Chen is telling news outlets that he fears for the lives of his family members and that he wants to leave China with Secretary of State Hillary Rodham Clinton when she's done with high-level talks now being held there. "My fervent hope is that it would be possible for me and my family to leave for the U.S. on Hillary Clinton's plane," he told The Daily Beast from the hospital where he's recovering from injuries suffered during his flight from house arrest on April 22.

Meanwhile, NPR's Michele Kelemen reports that U.S. diplomats are back in touch with Chen and are trying to determine exactly what he wants and whether they can be of any help. Since Chinese officials have already demanded an apology from the U.S. for its alleged interference in China's internal affairs (by giving Chen sanctuary in the embassy), it's not clear what, if anything, the U.S. could do.

The situation, as The Washington Post says, has turned what were supposed to be talks aimed at "smoothing relations with China and increasing economic and cultural ties" into "a diplomatic drama."

Chen, who is blind and has taught himself the law, has been on the outs with Chinese authorities in recent years because of his work exposing policies on forced abortions. After his escape from house arrest, a video of Chen was posted on YouTube. In it, he calls on Premier Wen Jiabao to punish those responsible for his house arrest and the beatings he says he and his family have endured over recent years.

When he left the U.S. embassy Wednesday, U.S. officials said they had been assured by Chinese authorities that Chen would be allowed to live freely and study the law at a university.

But within hours, he was telling reporters that he regretted taking that deal. Chen told NPR earlier today that if he had known about the hardships still facing his family, he would not have left the embassy:

"I can't get in touch with my family in my village at all," he said. "I don't know what's happened to my mother. There are guards inside the yard, in all the rooms, even on the roof. They've set up lots of cameras in my home, and are preparing electric fences. They told my family they'd take wooden sticks and beat my family to death, so it's very unsafe."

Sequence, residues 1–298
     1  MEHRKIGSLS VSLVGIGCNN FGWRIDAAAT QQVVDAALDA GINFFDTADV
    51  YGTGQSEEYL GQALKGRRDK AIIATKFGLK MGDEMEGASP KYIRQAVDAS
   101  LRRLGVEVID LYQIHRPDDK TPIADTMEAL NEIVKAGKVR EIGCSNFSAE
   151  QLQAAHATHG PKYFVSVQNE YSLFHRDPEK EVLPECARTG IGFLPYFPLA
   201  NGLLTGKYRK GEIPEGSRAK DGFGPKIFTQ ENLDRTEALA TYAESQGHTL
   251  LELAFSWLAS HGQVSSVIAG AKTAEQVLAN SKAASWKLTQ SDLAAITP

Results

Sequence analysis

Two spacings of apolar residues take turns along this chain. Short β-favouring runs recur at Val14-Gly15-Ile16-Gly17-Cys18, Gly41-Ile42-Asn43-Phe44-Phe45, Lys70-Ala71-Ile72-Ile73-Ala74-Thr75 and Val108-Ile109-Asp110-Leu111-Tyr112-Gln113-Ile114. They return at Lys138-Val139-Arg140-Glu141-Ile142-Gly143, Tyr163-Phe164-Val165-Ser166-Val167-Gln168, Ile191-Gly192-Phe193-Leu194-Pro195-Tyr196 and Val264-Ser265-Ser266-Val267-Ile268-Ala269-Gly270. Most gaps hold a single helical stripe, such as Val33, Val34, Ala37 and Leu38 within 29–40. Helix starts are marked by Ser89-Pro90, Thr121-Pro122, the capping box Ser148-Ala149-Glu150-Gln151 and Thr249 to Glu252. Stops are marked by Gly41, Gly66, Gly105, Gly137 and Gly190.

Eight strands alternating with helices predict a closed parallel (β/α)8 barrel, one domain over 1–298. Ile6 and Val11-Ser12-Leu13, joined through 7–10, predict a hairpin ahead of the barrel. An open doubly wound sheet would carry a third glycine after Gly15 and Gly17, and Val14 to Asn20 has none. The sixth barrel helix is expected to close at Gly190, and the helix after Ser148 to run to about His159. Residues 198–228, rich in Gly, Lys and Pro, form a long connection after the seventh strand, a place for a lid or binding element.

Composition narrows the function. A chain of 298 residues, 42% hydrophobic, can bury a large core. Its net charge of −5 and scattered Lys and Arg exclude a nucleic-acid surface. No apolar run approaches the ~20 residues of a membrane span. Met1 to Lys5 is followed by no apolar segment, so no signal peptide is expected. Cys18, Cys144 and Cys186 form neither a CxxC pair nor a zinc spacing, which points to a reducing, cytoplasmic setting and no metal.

He also said, as NPR's Louisa Lim reported, that he feels the U.S. pressured him to leave the embassy.

Gary Locke, the U.S. ambassador to China, says Chen made the decision to leave. Locke told reporters that as Chen was preparing to depart the diplomatic compound, he asked the activist if he was sure that was what he wanted to do. Chen said yes, according to Locke.

"I can tell you unequivocally that he was never pressured to leave, he was excited and eager about leaving when he made his decision," Locke told reporters earlier today. "He also fully knew of what would be — of what staying in the embassy would entail if he decided not to leave. And he was fully aware of and talked about what might happen to his family if he stayed in the embassy and they stayed in the village in Shangdong Province."

Update at 7:10 p.m. ET. Chen Speaks To Members Of Congress:

As NPR's Andrea Seabrook tells our Newscast unit, the activist spoke to a session of the Congressional Executive Commission on China today by telephone from his hospital room. A hearing witness held an iPhone to the podium microphone and translated.

"He says he wants to come to the U.S. for some time of rest," the translator told the committee. "He has not had any rest in the past 10 years already."

Chen also said he wanted to meet with Clinton to "get more help from her" and "thank her face-to-face."

Copyright 2013 NPR. To see more, visit http://www.npr.org/.